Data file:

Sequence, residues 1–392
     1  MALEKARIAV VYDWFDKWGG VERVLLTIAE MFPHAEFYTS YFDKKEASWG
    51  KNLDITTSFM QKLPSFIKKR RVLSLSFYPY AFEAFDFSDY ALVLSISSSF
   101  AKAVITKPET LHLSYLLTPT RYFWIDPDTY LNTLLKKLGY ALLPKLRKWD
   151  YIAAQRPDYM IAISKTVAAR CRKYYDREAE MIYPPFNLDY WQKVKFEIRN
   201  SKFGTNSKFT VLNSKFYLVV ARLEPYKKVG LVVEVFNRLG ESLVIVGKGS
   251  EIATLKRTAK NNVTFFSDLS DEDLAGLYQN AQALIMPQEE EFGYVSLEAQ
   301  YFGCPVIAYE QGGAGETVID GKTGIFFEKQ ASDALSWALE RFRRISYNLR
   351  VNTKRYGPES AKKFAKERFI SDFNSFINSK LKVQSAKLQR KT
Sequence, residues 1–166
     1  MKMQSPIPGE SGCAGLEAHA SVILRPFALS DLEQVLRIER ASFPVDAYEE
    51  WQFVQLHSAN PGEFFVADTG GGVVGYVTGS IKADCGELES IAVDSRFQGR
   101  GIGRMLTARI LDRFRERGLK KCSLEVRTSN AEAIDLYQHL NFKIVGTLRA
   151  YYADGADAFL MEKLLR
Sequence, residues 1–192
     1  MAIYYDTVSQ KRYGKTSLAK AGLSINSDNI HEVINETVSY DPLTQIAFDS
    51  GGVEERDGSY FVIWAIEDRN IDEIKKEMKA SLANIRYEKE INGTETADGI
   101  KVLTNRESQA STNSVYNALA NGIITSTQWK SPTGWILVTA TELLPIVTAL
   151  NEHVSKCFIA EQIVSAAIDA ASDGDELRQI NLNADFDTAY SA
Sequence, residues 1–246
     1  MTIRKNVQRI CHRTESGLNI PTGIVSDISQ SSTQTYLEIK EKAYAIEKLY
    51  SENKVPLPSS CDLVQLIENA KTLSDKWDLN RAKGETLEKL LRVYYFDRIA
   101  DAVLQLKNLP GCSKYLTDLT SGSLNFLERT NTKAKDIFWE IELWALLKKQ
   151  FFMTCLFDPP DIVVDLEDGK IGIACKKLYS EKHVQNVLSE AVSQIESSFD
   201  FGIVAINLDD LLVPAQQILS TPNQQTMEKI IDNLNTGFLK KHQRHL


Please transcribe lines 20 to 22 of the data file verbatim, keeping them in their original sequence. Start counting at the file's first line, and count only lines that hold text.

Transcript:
Sequence, residues 1–246
     1  MTIRKNVQRI CHRTESGLNI PTGIVSDISQ SSTQTYLEIK EKAYAIEKLY
    51  SENKVPLPSS CDLVQLIENA KTLSDKWDLN RAKGETLEKL LRVYYFDRIA